Reformed rules on subcontracting and outsourcing in Mexico were published on 23 April, 2021 (the ‘Reform’). The Reform amends several Mexican laws, including the Federal Labour Law, Social Security Law, National Workers’ Housing Fund Law, Tax Code, Income Tax Law and Value Added Tax Law.
One of the key drivers of the Reform relates to the obligation on employer to share 10% of the company’s taxable profits amongst its employees. For years, it has been common practice for employers to minimise the financial impact of this legal obligation by using services entities. In the most common structure, there is an operating company, which generates the business profit, and a separate service entity that employs the workers who perform services for the benefit of the operating company. The operating company, which commonly has only one employee or no employees at all, outsources workers from the services company and in some cases from other third-party contractor entities to perform the work of its core business. As these workers are not employed by the operating entity, there is no legal requirement to give them a profit share from that entity. Instead, their profit share is generated from the services entity or third party, which typically has far less profit than the operating company to distribute.
What will change under the Reform?
The intention of the Reform is to prevent improper practices that have affected the rights of workers and employees in relation to their seniority, job stability and profit share rights, among others. Below we set out the most important aspects of the Reform that corporate groups working under subcontracted based structures in Mexico should consider.
The Reform entered into force the day after its publication in the Official Gazette. However, as stated above, transitory articles establish that the transfer of assets will not be a requirement to carry out a transfer of personnel through employer substitution during the first 90 calendar days following publication, on the understanding that the terms and conditions of employment must be honoured, including full acknowledgement of seniority.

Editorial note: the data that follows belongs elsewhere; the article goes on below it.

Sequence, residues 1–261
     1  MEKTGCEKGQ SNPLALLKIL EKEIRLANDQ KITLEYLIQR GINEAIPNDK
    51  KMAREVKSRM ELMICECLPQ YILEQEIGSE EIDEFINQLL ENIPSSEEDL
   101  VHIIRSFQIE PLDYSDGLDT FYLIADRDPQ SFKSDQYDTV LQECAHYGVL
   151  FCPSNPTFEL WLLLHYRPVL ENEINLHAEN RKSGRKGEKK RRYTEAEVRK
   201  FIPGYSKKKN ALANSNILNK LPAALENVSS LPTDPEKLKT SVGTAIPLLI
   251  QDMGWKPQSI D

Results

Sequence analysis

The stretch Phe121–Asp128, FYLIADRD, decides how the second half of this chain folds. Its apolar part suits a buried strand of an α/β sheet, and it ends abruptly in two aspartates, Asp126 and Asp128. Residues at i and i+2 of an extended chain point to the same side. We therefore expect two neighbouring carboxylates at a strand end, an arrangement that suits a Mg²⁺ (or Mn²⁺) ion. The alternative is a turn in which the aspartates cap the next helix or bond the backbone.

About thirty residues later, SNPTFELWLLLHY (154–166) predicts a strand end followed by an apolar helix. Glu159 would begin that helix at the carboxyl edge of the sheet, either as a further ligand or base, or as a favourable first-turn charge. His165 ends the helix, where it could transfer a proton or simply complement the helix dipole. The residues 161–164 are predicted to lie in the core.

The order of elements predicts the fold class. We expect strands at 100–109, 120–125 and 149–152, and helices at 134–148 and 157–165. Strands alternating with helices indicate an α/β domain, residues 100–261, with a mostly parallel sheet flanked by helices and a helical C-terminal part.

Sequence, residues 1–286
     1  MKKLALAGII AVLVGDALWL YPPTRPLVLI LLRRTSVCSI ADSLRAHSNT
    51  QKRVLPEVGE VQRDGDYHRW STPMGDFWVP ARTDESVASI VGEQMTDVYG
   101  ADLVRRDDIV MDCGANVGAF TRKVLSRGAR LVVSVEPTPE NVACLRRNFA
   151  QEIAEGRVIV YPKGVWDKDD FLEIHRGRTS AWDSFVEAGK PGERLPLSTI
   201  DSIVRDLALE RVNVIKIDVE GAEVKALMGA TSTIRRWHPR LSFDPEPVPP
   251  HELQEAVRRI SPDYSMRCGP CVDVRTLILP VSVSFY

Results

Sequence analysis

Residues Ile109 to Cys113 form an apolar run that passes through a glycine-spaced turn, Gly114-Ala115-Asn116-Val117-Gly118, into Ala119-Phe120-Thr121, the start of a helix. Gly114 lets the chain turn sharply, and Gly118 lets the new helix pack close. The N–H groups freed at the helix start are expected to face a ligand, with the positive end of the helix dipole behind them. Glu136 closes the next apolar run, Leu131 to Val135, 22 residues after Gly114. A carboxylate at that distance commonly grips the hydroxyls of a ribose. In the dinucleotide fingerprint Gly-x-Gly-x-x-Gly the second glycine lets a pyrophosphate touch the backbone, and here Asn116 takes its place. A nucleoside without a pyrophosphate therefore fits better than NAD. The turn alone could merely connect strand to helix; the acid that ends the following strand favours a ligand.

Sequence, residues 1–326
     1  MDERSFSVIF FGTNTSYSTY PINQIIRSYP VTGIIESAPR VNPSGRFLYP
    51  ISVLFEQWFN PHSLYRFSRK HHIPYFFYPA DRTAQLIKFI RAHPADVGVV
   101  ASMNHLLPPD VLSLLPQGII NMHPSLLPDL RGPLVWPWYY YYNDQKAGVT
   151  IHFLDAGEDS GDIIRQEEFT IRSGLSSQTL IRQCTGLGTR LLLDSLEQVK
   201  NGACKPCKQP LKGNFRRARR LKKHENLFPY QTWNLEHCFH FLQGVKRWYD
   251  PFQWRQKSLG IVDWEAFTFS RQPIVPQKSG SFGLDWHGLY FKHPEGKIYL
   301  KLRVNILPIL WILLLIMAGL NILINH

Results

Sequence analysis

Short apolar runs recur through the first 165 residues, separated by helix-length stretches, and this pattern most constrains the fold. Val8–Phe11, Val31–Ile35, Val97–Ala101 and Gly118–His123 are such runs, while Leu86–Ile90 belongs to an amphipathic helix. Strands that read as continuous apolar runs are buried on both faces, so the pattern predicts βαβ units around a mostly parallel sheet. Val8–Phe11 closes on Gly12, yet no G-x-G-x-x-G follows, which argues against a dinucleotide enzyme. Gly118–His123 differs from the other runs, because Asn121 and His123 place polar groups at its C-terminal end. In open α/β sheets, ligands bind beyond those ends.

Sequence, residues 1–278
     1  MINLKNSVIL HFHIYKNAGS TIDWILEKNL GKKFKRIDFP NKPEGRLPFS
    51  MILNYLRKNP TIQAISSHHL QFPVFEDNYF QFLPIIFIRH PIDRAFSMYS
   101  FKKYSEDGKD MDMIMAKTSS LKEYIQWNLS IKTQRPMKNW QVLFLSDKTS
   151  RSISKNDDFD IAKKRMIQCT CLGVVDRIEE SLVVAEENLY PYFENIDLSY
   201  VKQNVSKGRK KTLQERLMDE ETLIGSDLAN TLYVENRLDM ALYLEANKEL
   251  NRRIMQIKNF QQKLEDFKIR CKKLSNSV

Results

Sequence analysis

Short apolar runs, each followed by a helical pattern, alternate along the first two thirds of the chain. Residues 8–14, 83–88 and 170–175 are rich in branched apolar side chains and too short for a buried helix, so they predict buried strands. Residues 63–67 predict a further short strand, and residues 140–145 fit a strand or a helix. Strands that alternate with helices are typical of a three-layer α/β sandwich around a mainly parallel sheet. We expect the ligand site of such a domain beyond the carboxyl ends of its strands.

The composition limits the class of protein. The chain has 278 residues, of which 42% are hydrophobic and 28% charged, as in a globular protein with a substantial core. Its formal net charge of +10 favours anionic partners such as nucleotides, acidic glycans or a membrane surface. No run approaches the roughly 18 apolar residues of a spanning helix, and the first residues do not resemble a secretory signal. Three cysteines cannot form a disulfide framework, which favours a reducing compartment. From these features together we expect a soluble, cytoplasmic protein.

This is interpreted as a three-month grace or transitional period to transfer personnel to operating entities and to make any necessary adjustments to subcontracting structures. It starts on 24 April 2021.
Transitional articles also provide that tax and social security related provisions will enter into force from 1 August 2021. That means companies have approximately three months to fulfil their obligations in these matters.
Although the 2012 labour reform regulated the subcontracting regime in Mexico, its application was very lax except in some tax-related matters. The 2021 Reform has much more severe consequences for those who fail to comply with the new subcontracting rules.
Our recommendation is that you should assess and consider what measures are necessary to adapt and comply with the Reform are as soon as possible, given the entry into force of the Reform. For this, the business and financial impact of implementing changes that may depending on the subcontracting structure, involve transfers of personnel to the operating entity, changes to corporate purposes of both companies and revisions to service contracts with third parties, must be evaluated.
In general terms, corporate groups in Mexico should therefore examine their Mexican workforce to develop strategies to adjust to the new legal obligations. In particular, employers should review their current workforce structure to understand whether they are using outsourced labor (and not specialised services) from either a related services entity or a third-party entity. Employer organisations should also assess the type of outsourced labour compared to their corporate purpose and main economic activity to determine strategies for compliance with the Reform.
It is key for employers in Mexico to prepare for this new legal scenario from an employment, corporate, and tax perspective as it is expected that the current administration will enforce the new rules vigorously.